So far, so good. We have proof of massive corruption in defense deals. Something which incidentally continues to date. What was chilling was the response of the government. At that time, there was a BJP government in power. Mentioning this, because the BJP takes high moral ground often, but here was a case of 34 people offered bribes and 34 people accepting. This is not to say the same wouldn't have happened with a Congress government, as Shoma Chaudhary rightly pointed out. The corruption is endemic and ongoing.

What was horrendous was that Tehelka was targetted by the government in an unprecedented manner with the government doing all it could to demolish them and their credibility entirely. From income tax audits to cases filed against individuals, it was a witch hunt that brought the paper down from 120 paid employees to one. It shut the paper down for all practical purposes. It was another two years for them to publish an edition.

The conviction of Bangaru Laxman that has happened after so many years is a vindication of the effort Tehelka put into that sting as well as a mark of their integrity, as Shoma says in this [remarkably polite - I wouldn't have managed it] video.

So all is well and good, Tehelka survived a nightmare, is credible and publishing again, culprits have been disowned by BJP and prosecuted, etc. All is well.


As a citizen of India and a person concerned with freedom of speech and freedom of media, this is an important moment for me. The government's witch hunt of Tehelka is now clearly visible for what it was. In my view, allowing it to stand in spite of being proved wrong is an undermining of free speech and a step toward state sponsored silencing of the media - or in other words, an invisible fence of paid media. Push the wrong buttons and get destroyed is the message.

This will not do.

I think this is a good time for Tehelka to immediately file a case against the government - ideally a PIL that safeguards truth seekers from persecution, but at the very least as a case by them against the government for persecution and demand compensation for the losses from going out of business as a result of it as well as the trauma to individuals.

Operation Westend may have been about defense deals, but what followed was about silencing anyone that challenged corruption in the corridors of power, and if that persecution is allowed to exist unchallenged, it stays as a precedent for others to fear when tackling erosion of the integrity of our country.

It is no coincidence that very few newspapers ever touch the cores of power of the government. No one will question Sonia Gandhi to ask for an explanation of the bizarre nomination of Sachin Tendulkar to the Rajya Sabha. No one will ask the president to explain her rationale for approving it. The RTI activists and journos of Moneylife had to face vague threats when they questioned the President's retirement bungalow - news comes in that she is no longer accepting it. At the same time, the threats did try to silence the truth seekers.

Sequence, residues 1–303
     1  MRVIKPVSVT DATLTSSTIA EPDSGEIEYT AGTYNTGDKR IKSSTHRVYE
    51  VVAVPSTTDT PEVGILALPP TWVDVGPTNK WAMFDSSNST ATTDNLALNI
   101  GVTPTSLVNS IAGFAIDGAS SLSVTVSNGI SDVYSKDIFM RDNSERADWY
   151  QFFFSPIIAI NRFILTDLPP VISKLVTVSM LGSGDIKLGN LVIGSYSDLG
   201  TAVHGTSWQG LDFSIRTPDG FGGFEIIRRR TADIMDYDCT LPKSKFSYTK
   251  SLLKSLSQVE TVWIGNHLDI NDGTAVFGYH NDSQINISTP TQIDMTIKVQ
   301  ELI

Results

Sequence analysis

RTI activists are dying routinely anyway. Usually at the hands of people in power. This year we also had the inexplicable death of someone handling RTI queries.

In my view, unless the media strikes back and defends its constitutional rights vigorously, they, like all rights will keep eroding till a point in time where a journalist writing anything about anyone may send it for "prescreening" approval first for fear of losing his job, life or other things dear. News organizations may reach a point of running everything by people to prevent offense and retaliation.

The internet is fighting for its voice against the government as we speak.

If we are to survive as a democracy, then the right to free speech must be defended with all we have. In my view, Tehelka MUST sue the government for damages to business, reputation and health, so that it sets a precedent for taking the government to task in future silencing. On a larger scale, the practice of countering any challenge of wrongdoing with defamation must be destroyed for even Parliamentary proceedings to exit our paralysis.


Two questions answered before asked:

1. That was a different government.

So? It is the same country, same news magazine, same constitution, same government, even if the occupants changed. With this logic, if the BJP comes to power, the government shouldn't pay compensation for Sikh riots? They were harmed by the government, the government must compensate them. No one is stupid enough to think that the Congress would persecute anyone for nailing the president of the BJP. Unless they have individuals they know targetted them, they should aim for the Government of India.

2. What if they lose?

In my view, we shouldn't let them lose. But even if they do, the silencing must be challenged. And it must be challenged every time it happens. Every time, with every entity it happens with, because democracy is worth it.